Sixteen of the UK automotive industry’s biggest brands have come together to launch the sector’s first Automotive Diversity & Inclusion Charter.
The founding signatories, representing a fifth of the sector’s manufacturing workforce, as well as organisations including Unite the Union and the Society of Motor Manufacturers and Traders (SMMT), are pledging a collective, public commitment to create a diverse, equitable and inclusive (DE&I) workforce that is reflective of wider society. The landmark initiative will support ongoing efforts to retain and attract top talent as the industry undertakes its biggest technological and industrial transformation in more than a hundred years amid critical skills shortages.
By signing the Charter, companies publicly recognise that creating a diverse and inclusive workforce is not only ethically responsible but good for business. The benefits include increasing employee satisfaction, motivation and engagement, leading to greater productivity and retention; improving decision making and problem solving; fostering greater creativity from diverse perspectives; and making companies – and the wider sector – more attractive to top talent.
Signatories commit to take action in eight key areas with the aim of accelerating progress across all aspects of DE&I within their own companies. Pledges include appointing a board-level DE&I champion to lead change from the top; embedding DE&I policies into company values; improving recruitment practices to encourage diversity of applicants; supporting career opportunities and development for every employee; creating more flexible working environments; and reporting diversity data and progress to the Automotive Council on an annual basis.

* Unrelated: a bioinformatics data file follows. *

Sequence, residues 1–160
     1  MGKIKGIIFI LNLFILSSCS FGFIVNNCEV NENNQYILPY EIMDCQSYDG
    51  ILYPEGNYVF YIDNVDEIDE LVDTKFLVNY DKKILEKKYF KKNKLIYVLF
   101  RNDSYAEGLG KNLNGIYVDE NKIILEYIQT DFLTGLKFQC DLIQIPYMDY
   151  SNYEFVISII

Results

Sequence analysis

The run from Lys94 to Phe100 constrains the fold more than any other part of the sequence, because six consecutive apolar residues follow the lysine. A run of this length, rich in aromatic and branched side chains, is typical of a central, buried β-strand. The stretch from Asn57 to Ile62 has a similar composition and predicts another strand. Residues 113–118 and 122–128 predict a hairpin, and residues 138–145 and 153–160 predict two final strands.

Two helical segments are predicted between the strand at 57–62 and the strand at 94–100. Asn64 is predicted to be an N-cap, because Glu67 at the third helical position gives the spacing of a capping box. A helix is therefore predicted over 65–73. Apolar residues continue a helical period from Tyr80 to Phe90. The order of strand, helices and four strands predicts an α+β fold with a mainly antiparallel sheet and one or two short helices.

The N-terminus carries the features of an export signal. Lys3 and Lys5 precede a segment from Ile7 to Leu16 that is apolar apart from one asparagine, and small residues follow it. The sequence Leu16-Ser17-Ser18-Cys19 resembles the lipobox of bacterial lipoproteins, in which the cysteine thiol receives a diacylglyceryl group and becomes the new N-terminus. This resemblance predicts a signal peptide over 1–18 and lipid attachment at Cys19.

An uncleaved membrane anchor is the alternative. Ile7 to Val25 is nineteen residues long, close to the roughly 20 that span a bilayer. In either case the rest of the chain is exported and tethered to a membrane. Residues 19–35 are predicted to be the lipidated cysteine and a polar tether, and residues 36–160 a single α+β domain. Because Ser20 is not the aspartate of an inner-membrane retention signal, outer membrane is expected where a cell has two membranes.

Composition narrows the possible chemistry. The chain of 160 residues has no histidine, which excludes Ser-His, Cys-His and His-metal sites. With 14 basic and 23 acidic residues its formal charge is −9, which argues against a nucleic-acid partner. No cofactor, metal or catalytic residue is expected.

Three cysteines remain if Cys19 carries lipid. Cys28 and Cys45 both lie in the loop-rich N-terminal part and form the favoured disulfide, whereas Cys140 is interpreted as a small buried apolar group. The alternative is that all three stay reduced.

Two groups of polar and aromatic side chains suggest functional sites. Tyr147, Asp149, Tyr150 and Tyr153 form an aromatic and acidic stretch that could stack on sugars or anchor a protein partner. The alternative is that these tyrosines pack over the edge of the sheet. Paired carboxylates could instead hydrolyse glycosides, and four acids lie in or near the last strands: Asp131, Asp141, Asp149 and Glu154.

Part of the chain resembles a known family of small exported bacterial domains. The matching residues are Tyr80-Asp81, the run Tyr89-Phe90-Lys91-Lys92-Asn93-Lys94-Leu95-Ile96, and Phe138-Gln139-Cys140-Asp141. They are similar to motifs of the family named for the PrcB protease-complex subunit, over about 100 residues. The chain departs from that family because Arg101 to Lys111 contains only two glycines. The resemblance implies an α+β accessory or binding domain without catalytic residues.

The Charter and pledges have been established in response to recommendations in the Automotive Council report Driving diversity, equity and inclusion in the UK automotive industry, which focuses, as a first step, on gender balance.
While the report acknowledges that many companies have impressive DE&I programmes and initiatives in place, it shows the overall automotive manufacturing sector lags behind other UK industries, with women representing 12% of the workforce compared with 47% in the UK workforce as a whole.
The report also identifies diversity as a business-critical issue, citing among other studies 2019 analysis from Mckinsey, which found that companies in the top quartile for gender diversity on executive teams were 25% more likely to experience above average profitability than those in the fourth quartile. In the case of ethnic and cultural diversity, this outperformance rose to 36%.
The UK Automotive Diversity & Inclusion Charter is the first time efforts to improve sectoral DE&I have been united under one banner and follows initiatives already in place across other sectors, including aviation and aerospace, defence, finance, rail and retail. It will provide a platform for the industry, via the Automotive Council, to share best practice, promote positive initiatives and report on progress in the years ahead.
Announcing the Charter at the SMMT Annual Dinner this evening, Alison Jones, SMMTPresident and Stellantis Senior Vice President Global Circular Economy, is expected to say, “Despite talking about this for years, with some good initiatives and progress, the Automotive Council’s first Diversity Report shows that as an industry our results are, sadly, still really low. We have to accelerate our efforts again to ensure a truly diverse and inclusive workforce. I urge everyone to join this landmark initiative, alongside the sixteen founding organisations, to really make a positive human and business impact for our workforce, our organisations and our industry.”